DeepMind, Waymo team up to boost AI accuracy in self-driving cars

September 05, 2019 //By Murray Slovick
AI accuracy
It takes a lot of training to refine and improve the artificial-intelligence (AI) algorithms that power self-driving vehicles. Unfortunately, the training process is inherently inefficient as it typically requires either use of a massive amount of computing power to train neural nets in parallel or else researchers have to spend time manually weeding out bad systems.

Recently, however, and with the help of its sister company DeepMind, Waymo reports it has found a way to improve AI algorithms for autonomous driving by making the whole training process faster and more effective.

Neural networks, by way of review, are a set of algorithms modelled loosely after the human brain. The neural network learns through trial and error. It’s presented with a task and receives a grade on whether it performs the task correctly or not based on desired outcomes. The neural net then learns by attempting these tasks again and making corrections without help. The idea is that in future attempts under similar conditions, the neural net will make the necessary adjustments in its weighting factors and become more likely to perform a task correctly.

The overall goal is to find a learning rate that ensures the AI network gets better after each iteration.

Finding the best training regimen (or “hyperparameter schedule” in AI parlance) is commonly achieved in one of two ways: training numerous models in parallel, which is computationally expensive, or having researchers monitor networks while they’re training, periodically culling the weakest performers by hand. Either way, it requires significant resources.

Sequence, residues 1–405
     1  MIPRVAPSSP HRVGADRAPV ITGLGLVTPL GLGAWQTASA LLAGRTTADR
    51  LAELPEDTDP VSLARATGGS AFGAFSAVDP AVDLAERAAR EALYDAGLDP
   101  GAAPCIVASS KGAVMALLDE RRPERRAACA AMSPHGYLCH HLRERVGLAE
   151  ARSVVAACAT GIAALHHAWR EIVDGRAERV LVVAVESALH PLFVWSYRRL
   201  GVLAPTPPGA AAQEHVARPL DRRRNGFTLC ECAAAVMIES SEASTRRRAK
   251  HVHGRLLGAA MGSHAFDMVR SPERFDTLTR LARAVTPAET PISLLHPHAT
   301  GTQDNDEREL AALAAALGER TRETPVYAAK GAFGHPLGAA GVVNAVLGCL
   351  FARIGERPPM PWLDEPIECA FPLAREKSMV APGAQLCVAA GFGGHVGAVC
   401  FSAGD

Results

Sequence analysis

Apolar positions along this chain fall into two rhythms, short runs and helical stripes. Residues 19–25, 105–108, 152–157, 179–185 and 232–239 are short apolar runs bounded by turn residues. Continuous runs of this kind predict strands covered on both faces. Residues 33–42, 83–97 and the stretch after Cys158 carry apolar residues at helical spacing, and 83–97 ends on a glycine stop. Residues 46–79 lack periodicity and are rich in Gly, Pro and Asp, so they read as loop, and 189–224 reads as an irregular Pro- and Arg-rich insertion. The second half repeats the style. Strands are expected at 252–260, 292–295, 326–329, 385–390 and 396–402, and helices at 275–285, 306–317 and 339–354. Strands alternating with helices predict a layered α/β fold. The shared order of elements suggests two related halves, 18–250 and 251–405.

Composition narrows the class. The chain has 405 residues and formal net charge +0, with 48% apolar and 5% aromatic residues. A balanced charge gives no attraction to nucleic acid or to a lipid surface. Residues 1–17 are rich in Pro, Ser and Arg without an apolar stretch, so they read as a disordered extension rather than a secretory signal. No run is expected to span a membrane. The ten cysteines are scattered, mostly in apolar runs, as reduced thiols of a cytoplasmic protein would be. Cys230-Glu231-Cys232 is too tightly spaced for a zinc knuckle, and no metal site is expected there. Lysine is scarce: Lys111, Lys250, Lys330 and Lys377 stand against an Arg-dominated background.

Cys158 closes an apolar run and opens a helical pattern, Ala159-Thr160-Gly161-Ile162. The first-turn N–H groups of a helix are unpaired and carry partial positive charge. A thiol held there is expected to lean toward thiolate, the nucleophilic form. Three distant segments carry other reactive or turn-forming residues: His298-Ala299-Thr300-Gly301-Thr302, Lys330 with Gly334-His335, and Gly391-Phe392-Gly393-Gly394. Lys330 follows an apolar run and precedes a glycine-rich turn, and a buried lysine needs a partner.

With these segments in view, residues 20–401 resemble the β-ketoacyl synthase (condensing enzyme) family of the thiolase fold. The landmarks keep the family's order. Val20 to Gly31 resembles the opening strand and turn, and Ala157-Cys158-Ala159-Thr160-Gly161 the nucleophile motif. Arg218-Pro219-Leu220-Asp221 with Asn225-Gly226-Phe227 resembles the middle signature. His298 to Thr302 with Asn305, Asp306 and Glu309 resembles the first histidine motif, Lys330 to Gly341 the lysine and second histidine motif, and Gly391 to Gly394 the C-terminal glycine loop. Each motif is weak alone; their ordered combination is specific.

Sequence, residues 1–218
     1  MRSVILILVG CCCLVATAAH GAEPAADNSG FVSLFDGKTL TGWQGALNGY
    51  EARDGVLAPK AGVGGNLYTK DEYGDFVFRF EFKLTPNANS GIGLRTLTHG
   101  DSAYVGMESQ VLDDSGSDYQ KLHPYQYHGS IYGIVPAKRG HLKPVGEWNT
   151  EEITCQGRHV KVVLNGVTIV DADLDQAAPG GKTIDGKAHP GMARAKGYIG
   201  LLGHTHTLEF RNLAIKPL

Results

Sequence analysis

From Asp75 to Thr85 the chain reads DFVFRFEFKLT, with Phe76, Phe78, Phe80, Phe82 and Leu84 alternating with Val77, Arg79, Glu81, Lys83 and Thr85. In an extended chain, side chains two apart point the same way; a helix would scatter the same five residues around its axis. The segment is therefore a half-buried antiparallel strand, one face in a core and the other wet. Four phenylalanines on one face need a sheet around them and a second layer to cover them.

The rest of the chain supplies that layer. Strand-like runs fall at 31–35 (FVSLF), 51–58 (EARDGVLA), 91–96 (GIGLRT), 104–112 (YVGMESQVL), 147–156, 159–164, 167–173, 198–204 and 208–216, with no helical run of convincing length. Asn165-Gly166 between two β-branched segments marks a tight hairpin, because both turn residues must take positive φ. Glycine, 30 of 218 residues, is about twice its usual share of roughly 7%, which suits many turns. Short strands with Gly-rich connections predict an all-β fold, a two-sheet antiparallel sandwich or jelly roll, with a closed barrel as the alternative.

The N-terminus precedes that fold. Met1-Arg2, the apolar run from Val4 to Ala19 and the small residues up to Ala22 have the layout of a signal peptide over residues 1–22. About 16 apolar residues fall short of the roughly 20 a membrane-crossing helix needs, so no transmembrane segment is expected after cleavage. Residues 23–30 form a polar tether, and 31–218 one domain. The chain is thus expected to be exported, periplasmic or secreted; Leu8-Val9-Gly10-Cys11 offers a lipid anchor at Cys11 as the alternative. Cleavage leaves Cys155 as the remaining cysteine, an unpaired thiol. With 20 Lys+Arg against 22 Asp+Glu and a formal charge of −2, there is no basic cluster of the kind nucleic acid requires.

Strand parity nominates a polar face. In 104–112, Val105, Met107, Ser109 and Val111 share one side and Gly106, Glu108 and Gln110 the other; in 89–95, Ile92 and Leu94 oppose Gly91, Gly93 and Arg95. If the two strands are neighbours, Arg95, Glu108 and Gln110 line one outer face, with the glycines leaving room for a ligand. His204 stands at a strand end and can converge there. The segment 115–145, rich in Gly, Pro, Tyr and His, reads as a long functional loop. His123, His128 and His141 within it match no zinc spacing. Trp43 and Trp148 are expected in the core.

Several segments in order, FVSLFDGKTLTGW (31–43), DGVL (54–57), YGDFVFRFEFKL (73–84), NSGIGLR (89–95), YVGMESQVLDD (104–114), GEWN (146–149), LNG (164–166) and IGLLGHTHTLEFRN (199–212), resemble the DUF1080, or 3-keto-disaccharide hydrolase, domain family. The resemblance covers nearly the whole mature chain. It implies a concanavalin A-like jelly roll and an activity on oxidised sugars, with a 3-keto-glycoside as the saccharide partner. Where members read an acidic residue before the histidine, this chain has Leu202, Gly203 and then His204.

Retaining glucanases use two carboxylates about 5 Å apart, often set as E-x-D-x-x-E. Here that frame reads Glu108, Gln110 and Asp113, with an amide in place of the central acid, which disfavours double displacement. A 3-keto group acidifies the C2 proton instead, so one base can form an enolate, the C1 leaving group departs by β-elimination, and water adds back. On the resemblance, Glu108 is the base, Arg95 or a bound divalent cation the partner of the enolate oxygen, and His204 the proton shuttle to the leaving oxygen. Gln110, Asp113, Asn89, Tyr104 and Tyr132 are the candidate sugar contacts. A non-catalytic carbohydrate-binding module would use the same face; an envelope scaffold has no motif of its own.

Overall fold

What Waymo and DeepMind are doing is to automate that weeding out process, automatically replacing ineffective neural nets with better-performing ones from the best networks running the task. The companies call the approach Population Based Training (PBT) and are using it for tasks such as pedestrian detection.

In operation, PBT evaluates neural-net models every 15 minutes. In a manner reminiscent of Darwin’s theory of evolution, the nets “compete” with each other to see which ones survive the culling process. If a member of the population is underperforming, it’s replaced with a copy of the better-performing member, with slightly changed hyperparameters.

In a nutshell, losing models are removed from the training pool and training continues using only winning models. PBT uncovers a schedule of hyperparameter settings rather than trying to find a single fixed set to use for the whole course of training. PBT also doesn’t require DeepMind to restart training from scratch, because each winning network inherits the full state of its parent network. The dual process of weeding out underperformers and mutating higher performers is done in parallel.

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